March 25 – A Great Day for a FRESH Start!

by Ray Reuter on March 25, 2010

I learned that in the Middle Ages, today—March 25—was New Year’s Day because this date is nine months before Christmas and the feast of the Conception of Jesus.  In 1582, the world switched to the Gregorian calendar and that replaced the Julian calendar.  This date of March 25, according to legend, was also the first day of creation, the day on which Adam and Eve left Eden to begin new life, the day of the Exodus from Egypt, and the day on which Jesus was crucified.

New Year’s Day in this current year was only 83 days ago!  And if you are like me, the “new” year may already feel “old” as I have slipped back into routines of daily life and fallen victim to the fetters of habit.  What about you?  Have you forgotten your New Year’s promises, resolutions, intentions?  Use today—the original new year’s day—to renew and refresh your commitments.  On this day that was once famous for so many important milestone events, add yours to the legend.  Let today be a FRESH START, a NEW BEGINNING, a “REBOOT.”  It is a good day to purge outdated habits and change the course of your own history.

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Andrea December 23, 2015 at 6:12 am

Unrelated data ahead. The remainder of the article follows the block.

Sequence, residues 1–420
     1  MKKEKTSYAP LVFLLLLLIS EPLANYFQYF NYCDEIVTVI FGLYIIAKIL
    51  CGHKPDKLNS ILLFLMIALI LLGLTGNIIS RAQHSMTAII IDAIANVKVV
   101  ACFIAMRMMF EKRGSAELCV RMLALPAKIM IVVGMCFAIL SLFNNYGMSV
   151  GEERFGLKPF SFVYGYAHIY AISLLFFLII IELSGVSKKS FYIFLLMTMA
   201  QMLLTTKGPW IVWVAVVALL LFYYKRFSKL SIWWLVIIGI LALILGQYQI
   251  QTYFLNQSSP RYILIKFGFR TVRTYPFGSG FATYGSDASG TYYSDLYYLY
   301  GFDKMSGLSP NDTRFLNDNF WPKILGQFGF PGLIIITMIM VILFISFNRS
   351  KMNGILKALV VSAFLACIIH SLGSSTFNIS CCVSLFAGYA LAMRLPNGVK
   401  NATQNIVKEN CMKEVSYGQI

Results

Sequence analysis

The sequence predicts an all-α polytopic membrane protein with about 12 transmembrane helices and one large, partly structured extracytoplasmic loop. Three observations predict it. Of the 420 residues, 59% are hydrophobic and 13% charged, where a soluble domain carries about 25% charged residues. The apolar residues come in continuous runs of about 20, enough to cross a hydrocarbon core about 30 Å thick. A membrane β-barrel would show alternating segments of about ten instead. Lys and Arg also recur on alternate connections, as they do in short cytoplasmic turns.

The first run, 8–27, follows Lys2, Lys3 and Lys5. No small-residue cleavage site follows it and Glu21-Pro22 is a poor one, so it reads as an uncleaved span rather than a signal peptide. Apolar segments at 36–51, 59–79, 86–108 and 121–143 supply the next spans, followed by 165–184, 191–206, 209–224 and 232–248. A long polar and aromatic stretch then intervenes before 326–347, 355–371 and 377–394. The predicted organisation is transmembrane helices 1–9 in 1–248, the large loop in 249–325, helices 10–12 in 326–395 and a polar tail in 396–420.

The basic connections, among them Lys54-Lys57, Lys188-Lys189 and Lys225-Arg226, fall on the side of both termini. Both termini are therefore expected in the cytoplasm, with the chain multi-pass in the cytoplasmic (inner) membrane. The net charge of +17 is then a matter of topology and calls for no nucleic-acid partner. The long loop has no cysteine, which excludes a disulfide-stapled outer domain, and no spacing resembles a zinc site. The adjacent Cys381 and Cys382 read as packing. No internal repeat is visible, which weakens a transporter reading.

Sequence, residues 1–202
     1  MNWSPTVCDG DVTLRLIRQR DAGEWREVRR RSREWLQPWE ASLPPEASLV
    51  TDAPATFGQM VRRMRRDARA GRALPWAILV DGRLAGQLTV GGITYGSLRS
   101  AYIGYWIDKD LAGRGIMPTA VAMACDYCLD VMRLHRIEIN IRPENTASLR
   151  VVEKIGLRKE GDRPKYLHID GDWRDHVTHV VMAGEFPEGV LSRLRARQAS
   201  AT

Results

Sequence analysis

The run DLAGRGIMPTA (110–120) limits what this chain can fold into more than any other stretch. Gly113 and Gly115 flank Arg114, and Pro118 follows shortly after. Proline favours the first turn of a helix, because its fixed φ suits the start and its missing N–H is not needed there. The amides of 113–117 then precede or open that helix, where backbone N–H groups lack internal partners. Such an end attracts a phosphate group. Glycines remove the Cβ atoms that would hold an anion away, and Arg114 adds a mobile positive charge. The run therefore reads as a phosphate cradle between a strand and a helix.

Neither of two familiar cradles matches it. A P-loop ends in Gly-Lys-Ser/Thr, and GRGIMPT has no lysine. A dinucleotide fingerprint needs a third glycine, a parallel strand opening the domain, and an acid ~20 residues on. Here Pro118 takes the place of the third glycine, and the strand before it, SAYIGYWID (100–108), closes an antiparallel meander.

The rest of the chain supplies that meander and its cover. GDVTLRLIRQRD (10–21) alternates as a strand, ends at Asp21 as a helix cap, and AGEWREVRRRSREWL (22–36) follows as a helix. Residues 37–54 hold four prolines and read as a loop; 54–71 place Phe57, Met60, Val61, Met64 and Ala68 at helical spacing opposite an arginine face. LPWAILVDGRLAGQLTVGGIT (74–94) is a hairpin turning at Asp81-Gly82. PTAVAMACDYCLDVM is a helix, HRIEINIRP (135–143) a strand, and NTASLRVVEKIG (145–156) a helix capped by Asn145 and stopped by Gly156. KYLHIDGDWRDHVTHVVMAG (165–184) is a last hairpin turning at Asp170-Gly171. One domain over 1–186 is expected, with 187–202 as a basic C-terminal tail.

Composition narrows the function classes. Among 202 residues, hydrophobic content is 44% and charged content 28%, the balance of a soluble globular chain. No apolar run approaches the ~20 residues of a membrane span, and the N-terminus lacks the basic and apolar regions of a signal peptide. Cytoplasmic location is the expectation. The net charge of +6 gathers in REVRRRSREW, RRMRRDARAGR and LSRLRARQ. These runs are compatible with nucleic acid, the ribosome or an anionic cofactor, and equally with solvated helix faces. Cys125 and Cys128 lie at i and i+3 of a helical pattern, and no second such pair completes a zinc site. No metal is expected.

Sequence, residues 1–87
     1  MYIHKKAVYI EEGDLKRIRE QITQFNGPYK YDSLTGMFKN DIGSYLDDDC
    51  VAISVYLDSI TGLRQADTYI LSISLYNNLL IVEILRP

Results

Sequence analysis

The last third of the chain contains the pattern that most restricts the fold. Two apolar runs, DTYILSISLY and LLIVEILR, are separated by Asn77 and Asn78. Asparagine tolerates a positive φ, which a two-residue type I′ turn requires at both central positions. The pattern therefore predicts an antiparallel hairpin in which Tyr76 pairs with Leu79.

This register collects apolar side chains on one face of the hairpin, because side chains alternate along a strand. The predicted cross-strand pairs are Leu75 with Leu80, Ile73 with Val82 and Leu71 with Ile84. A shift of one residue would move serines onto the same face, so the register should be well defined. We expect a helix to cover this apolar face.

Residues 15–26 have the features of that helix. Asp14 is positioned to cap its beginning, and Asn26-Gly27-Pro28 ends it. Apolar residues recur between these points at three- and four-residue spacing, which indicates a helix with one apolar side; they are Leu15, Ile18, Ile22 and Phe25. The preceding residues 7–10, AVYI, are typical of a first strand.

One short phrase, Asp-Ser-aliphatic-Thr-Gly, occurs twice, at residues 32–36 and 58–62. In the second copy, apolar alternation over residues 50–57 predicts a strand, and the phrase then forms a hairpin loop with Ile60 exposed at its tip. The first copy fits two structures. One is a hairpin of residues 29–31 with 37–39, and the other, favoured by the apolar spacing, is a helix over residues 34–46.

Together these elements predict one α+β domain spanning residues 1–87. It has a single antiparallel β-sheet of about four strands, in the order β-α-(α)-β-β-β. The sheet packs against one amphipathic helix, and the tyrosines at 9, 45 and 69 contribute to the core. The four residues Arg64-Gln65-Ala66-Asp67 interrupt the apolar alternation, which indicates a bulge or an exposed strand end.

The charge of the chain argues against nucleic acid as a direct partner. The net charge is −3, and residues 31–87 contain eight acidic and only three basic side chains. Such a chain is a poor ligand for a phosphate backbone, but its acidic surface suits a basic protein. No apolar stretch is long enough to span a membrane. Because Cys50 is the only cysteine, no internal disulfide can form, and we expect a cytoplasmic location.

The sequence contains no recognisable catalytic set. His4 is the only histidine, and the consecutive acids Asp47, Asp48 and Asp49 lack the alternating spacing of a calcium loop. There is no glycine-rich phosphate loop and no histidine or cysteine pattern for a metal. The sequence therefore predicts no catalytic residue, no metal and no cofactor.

millions of times before.Some meattdiions:Let’s demystify the CANON. The Canon is obviously a meaningless list. I think Bloom acknowledges this to a point, but it is reflective of some sort of truth in many of the works listed. The fact that we still read an epic anonymously written 1000 years ago (Beowulf) or that we read the ancients, and a number of them at that, flabbergasts me. It’s a beautiful thing really, that after wars, changing geography, sociological shifts, technological breakthroughs that alter the very fabric of our societies, we still have time to listen to what some writer had to say a few thousand years ago, and we can still feel the courage, the wonder, the insight, the life of it all. It still feels new.Snobs and populists aside, most of us read either to be edified or entertained, but when a book smacks you upside the head and edifies you in a way that has little to do with knowledge per se, it’s a powerful feeling that most of us have trouble explaining, but leave that to the critics, or not. Whereas fashions on what’s entertaining and what’s important to know change with the aforementioned historical changes, it’s the powerful works that usually last. That’s why there’s a canon. But it’s meaningless because if the book listed doesn’t smack you upside the head with a wondrous new paradigm, if it doesn’t work for YOU, then it’s not in YOUR canon, if such a thing can be conceived. In fact, why not? In reality, that’s all it can ever be. High culture and low culture are ideological lenses. The authors of some of my favorite works, Ulysses and The Waste Land (although I don’t much like Eliot’s other poems), would laugh at the distinction. There’s a difference between having discriminating taste and fashioning your taste towards discriminatory attitudes. The first one shows thought, the second lack thereof.Originality is real, but it has more to do with being original than being different. Some writers who are afraid of scrutinizing themselves and their world resort to faking originality, and while academic types are sometimes fooled, something in the primordial nature rejects this as a plea for attention and nothing more. Being original, means being the origin. It’s how the greatest writers write the most formidable material and make it all seem like child’s play because it IS natural. It comes naturally when the origin is one’s self.And since when is there anything wrong with pop? Pop is the common language of our generation. After Warhol, things DID change, and, to the native of pop culture, it is a very developed field full of intertextuality and real meaning for real people. Pop music has its heroes, too. It has Dylan and Bowie and Rotten, even Lil Wayne. Sure, none of these have produced anything close to Shakespeare or Homer, but let’s remember how many years of oral tradition led to Homer’s breakthrough. Today our oral tradition is recorded and mass-produced. It is not inconceivable that one day masterpieces will arise from our pop culture. I used to think pop was doomed to the dustbin until I saw two large Rauschenberg pieces in a forced visit to a museum. That smacked me upside the head.But remember. It’s all play. It’s not make-believe, as King said in the article you posted. I think play is something different, something more gratifying than fantasy for fantasy’s sake, not that King or Rowling are either. I’ve read only one King, Shawshank, which I’m told is not a representative piece, and I’ve read the first three Potter’s, which, where play is concerned, get the job done. Play is when reality becomes more real if not just because you’re inventing it. The harder you play, the more it wraps around your day to day life, your thoughts, your existence, the deeper it gets. Mr. Insight himself, Prince Hamlet, was he not just a player?These are all seeds, some more for my own understanding than for any other purpose, but I’d be happy to start a discussion based on them. That’s all for now.


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